Resilience in our Communities
Resilience in our Communities
On the evening of May 4, 2007, Greensburg, Kansas was devastated by a powerful tornado that leveled approximately 95 percent of the city, killing twelve people. Prior to the storm the area had experienced years of economic decline and the tornado was crushing to the community.
Resilience within our communities is the foundation for disaster recovery. Resilience is one of three key concepts created by the Department of Homeland Security (DHS) along with “Security” and “Customs and Exchange.” Resilience is the result of community preparedness and awareness in advance of a security threat or disaster. A resilient community has prepared community members, an action plan and the infrastructure for rapid recovery.
Resilience is included as a key component of DHS policy to ensure that if a disaster affects an area it does not permanently destroy the life and wellbeing of that community in the long term. Greensburg, Kansas was totally unprepared for this catastrophic event. Preparing individuals and families for what to do in the event of an emergency saves lives. By promoting preparedness events to educate the community, developing family plans, and working to prepare homes the twelve lives that were lost could have possibly been saved. However Greensburg took this terrible tragedy and truly demonstrated resilience in recovering from the losses the town experienced. In the wake of this event the city council passed a resolution stating that all city buildings would be rebuilt to meet Leadership in Energy & Environmental Design (LEED) standards. LEED is an internationally recognized green building certification system, which provides verification that a building or community was designed and built using strategies intended to improve environmental performance and energy efficiency. This resolution made Greensburg first city in the nation to hold itself to such high environmental standards.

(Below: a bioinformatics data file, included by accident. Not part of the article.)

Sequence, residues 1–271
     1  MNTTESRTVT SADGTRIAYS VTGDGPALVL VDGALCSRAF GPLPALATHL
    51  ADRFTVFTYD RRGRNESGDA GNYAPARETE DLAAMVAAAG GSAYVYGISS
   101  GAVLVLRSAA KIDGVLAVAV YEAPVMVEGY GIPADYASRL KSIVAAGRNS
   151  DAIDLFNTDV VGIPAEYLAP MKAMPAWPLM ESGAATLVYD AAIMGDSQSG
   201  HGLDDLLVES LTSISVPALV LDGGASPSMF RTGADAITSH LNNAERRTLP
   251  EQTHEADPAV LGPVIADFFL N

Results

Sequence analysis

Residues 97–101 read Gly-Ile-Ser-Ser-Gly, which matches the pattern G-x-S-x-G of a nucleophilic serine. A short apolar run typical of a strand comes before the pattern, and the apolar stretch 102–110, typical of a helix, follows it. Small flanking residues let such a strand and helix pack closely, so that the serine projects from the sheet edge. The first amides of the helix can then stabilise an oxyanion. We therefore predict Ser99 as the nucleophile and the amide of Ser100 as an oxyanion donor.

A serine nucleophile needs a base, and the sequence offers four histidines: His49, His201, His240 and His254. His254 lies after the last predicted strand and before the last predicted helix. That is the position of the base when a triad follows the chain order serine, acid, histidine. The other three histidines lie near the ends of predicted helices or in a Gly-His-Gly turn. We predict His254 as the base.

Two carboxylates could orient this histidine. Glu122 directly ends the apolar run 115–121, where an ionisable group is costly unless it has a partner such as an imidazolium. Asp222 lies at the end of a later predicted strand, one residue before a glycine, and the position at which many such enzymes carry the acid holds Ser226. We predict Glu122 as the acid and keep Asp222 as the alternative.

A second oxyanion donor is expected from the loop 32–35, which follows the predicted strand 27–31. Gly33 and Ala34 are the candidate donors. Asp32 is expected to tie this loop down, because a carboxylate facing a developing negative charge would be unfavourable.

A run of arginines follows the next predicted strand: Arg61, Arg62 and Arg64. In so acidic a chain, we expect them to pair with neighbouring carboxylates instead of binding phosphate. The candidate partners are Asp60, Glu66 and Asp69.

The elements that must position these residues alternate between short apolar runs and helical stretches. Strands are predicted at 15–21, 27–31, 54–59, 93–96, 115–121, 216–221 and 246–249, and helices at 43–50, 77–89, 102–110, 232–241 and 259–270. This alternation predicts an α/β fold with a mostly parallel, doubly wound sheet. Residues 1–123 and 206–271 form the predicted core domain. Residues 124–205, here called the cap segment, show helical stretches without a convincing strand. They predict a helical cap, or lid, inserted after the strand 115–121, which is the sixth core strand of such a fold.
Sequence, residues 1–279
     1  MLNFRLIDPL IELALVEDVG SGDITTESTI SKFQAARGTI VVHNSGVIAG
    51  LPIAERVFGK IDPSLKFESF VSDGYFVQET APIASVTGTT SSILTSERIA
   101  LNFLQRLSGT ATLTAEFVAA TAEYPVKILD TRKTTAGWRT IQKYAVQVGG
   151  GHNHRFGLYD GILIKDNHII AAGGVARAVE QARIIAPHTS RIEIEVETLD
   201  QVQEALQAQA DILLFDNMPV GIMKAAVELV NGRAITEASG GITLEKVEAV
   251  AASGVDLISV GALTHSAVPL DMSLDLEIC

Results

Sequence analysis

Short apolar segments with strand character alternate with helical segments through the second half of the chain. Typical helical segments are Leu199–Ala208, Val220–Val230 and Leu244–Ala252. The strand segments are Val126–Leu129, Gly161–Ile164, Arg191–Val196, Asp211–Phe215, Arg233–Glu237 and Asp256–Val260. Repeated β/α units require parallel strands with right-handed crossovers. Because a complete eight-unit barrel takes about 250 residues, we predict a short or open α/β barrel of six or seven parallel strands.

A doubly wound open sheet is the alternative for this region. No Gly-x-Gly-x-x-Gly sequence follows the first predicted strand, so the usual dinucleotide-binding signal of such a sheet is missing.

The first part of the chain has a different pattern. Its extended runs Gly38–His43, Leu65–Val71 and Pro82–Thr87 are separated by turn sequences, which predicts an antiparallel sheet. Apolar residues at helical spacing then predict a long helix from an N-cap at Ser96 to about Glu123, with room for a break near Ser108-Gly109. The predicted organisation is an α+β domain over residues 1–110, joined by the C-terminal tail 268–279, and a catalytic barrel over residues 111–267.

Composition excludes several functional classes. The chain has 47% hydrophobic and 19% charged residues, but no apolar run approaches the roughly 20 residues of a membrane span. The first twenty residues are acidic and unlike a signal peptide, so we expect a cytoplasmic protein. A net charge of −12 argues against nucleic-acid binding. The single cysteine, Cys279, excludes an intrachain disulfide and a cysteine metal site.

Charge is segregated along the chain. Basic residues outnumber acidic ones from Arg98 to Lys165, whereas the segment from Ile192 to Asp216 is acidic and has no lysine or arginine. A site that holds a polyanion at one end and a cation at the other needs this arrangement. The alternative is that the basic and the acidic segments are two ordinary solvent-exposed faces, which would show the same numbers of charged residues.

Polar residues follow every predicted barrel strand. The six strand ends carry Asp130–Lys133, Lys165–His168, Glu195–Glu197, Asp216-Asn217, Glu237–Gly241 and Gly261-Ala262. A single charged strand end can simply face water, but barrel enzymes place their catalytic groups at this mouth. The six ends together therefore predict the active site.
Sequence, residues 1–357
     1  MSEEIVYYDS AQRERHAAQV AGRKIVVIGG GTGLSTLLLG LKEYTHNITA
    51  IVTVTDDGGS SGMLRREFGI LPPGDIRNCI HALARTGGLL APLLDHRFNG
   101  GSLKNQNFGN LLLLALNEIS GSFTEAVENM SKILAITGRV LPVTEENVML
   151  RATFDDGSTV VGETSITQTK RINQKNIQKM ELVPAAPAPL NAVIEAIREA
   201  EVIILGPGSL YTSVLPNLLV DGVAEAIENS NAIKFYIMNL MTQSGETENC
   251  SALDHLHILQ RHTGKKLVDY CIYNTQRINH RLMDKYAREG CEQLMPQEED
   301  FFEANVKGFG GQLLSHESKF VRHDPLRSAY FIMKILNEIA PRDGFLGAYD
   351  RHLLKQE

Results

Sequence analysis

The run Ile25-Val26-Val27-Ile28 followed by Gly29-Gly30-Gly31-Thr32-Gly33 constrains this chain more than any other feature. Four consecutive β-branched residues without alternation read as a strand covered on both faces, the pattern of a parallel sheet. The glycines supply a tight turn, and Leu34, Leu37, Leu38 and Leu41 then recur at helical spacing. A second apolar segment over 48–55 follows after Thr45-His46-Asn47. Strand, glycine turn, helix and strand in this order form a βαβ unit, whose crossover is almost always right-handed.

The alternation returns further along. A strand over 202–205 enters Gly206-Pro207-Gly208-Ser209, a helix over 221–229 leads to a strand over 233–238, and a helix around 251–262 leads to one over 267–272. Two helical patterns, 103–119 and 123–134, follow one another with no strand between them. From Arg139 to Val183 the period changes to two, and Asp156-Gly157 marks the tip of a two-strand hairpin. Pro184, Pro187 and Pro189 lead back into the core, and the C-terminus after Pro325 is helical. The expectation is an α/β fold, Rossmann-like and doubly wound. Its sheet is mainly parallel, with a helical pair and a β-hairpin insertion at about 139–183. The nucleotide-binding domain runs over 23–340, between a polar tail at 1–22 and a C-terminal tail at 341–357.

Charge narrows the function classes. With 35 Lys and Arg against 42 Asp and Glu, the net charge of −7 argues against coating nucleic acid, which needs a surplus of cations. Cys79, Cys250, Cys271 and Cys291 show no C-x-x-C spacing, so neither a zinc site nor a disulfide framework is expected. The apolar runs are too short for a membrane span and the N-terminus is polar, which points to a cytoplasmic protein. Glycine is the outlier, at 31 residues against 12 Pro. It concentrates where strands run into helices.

To support community resilience, DHS coordinates closely with Federal Government partners and local communities. Through close cooperation with all Federal partners, DHS closes gaps and collaborates on the most critical objectives required for disaster preparedness and recovery. The impact of catastrophes is most devastating at the community level. As a part of DHS, the Federal Emergency Management Agency (FEMA) has an integral role in creating resilient communities. FEMA developed extensive national initiatives to improve existing disaster preparedness capabilities.
FEMA must continue to expand and modernize its resilient community approach. As an example, FEMA should increase outreach and communication with non-traditional stakeholders such as community leaders with faith-based communities, universities/colleges, students, and fraternal associations. A broad platform of support strengthens resilience and FEMA’s message. To reach a larger audience, FEMA will need to promote expanded methods of communication such as social media (Twitter, Facebook), youth programs, and community events. A bottom up approach while expanding stakeholders strengthens the resilience message and allows individuals to be more engaged and prepared in the face of a disaster.